Callus is caused by friction which our foot is constantly subjected to in our daily walking. As we walk our skin rubs on shoes or socks, some parts of the foot are subject to more friction than other parts and as a result the body tries to protect itself by forming thick layers of skin. Callus is often good for example a guitar player will build up layers of callus on her finger tips to protect them from the hard strings but if callus builds up underneath the foot then it causes pain when we stand on it. As the callus develops further then further problems develop as the body tries to protect itself and the pain increases.
The callus is simply removed layer at a time until the foot is smooth and the area blends in with the good, healthy skin that surrounds it.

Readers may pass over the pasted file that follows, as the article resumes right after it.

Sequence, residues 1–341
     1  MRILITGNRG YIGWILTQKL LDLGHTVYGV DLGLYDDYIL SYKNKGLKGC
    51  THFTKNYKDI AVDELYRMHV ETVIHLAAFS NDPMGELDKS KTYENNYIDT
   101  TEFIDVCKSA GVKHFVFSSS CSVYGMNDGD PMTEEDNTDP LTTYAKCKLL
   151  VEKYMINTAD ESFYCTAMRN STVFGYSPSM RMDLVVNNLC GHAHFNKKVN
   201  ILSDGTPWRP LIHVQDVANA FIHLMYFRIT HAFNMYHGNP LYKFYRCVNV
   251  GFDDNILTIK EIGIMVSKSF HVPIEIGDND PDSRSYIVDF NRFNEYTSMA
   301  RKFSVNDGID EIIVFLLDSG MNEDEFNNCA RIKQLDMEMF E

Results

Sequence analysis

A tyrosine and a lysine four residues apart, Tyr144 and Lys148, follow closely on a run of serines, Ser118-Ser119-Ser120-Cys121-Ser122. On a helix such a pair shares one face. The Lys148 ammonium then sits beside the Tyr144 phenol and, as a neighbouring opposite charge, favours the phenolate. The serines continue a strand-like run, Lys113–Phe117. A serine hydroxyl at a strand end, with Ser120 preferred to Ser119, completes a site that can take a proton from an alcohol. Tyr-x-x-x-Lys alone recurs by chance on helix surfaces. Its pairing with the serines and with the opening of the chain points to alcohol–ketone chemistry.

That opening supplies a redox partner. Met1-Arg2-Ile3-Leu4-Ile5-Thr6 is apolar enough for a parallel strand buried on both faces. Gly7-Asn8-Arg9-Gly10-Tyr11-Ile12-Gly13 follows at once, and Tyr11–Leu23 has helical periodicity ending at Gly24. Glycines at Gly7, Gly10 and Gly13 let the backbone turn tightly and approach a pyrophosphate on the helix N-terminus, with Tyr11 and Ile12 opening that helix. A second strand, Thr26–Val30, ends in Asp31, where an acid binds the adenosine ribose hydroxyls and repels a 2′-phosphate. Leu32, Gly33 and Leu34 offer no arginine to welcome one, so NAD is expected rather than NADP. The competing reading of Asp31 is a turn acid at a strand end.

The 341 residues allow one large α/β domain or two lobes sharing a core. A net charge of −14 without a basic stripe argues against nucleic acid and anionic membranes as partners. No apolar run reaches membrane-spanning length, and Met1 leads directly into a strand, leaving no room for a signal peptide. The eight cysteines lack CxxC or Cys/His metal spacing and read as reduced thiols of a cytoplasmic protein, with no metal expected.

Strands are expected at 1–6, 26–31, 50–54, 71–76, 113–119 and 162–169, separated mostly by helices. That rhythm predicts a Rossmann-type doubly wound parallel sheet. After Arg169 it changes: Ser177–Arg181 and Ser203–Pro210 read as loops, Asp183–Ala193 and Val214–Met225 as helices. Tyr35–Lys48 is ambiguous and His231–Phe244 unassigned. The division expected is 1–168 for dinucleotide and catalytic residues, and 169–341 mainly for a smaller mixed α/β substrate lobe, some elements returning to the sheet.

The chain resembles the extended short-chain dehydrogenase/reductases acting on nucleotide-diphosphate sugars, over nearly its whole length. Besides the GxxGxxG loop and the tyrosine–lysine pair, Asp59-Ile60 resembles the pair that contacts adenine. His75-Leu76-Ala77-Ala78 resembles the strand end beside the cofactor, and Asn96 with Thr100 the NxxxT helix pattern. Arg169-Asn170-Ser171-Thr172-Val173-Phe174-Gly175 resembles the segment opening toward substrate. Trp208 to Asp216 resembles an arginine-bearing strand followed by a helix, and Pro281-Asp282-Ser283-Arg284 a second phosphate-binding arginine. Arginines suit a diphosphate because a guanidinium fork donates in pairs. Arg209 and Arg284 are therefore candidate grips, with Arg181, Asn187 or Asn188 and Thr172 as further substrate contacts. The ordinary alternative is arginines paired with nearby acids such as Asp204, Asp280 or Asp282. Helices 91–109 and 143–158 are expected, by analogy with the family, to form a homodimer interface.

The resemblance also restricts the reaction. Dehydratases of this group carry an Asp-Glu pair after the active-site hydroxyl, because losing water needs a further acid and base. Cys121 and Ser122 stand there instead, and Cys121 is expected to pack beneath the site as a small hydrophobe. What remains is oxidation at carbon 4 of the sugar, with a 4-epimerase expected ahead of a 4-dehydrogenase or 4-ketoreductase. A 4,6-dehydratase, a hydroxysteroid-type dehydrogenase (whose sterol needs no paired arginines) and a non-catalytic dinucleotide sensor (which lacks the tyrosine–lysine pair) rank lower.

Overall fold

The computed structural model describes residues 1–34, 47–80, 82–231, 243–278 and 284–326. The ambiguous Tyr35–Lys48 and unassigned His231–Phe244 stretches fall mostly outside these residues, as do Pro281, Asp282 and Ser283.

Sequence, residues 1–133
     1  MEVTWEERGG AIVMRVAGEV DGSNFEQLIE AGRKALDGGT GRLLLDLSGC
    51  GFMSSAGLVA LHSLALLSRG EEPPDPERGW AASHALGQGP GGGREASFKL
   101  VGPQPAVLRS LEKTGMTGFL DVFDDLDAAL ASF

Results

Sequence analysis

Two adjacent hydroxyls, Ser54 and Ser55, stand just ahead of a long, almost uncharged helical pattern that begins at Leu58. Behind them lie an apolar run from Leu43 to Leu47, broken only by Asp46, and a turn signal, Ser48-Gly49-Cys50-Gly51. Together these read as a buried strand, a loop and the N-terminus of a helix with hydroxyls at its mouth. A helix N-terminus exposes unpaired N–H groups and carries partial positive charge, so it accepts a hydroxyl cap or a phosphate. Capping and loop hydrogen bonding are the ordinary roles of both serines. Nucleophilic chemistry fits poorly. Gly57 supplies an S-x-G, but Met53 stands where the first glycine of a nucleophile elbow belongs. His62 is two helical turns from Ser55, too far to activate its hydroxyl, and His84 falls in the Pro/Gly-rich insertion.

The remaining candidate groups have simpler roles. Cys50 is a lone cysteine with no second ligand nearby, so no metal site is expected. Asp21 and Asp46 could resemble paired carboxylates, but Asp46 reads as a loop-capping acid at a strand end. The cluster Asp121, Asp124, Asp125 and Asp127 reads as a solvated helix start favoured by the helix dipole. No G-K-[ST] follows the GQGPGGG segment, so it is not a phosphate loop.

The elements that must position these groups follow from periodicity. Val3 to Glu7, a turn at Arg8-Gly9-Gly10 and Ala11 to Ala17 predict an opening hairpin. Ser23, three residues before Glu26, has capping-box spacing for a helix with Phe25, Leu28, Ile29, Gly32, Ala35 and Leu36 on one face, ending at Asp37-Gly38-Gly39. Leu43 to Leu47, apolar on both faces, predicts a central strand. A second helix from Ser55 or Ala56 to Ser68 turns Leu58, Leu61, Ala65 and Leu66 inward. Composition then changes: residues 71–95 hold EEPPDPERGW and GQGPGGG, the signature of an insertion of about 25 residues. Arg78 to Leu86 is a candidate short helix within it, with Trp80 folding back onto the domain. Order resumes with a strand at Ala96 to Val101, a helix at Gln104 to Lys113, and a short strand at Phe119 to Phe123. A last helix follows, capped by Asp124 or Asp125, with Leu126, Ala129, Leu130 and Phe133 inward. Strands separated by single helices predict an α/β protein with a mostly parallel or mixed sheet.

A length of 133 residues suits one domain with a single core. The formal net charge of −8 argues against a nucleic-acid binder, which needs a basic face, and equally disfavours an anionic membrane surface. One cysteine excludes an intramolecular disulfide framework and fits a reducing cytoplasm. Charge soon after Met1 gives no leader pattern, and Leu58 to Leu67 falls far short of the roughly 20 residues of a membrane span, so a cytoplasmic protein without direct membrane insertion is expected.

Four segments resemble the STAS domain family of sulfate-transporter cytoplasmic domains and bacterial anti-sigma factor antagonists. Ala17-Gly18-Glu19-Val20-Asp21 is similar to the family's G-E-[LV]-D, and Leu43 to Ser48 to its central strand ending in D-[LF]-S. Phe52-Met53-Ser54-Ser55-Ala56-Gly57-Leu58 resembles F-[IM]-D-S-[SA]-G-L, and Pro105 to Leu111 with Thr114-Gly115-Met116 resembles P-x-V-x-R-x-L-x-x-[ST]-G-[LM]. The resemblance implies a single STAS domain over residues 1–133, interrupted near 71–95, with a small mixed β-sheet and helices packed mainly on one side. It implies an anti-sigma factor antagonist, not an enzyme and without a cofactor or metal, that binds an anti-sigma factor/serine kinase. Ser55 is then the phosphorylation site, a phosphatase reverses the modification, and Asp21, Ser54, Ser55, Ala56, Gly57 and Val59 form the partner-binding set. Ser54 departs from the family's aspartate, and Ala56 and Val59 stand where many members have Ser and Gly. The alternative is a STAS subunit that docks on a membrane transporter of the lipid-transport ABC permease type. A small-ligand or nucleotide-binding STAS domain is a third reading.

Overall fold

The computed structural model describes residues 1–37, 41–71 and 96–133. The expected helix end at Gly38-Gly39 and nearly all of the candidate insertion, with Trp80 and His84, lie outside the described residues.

The same forces that cause callus build up are the same forces that cause blisters. If the friction and pressure is often and hard enough then layers of skin can be removed which leave walking very painful. Only when the pressure is not too hard and frequency is right will callus start to build up and begin to protect or annoy us.
Friction and pressure are the cause of most callus but there are other causes too. Some toxins can create callus as can diseases such as syphilis which can cause thickening of the skin on the bottom of the foot and spots of callus to develop.
Good fitting shoes may help to prevent the build up of callus and some shoes for example sandals and flip flops may increase the build up of some callus.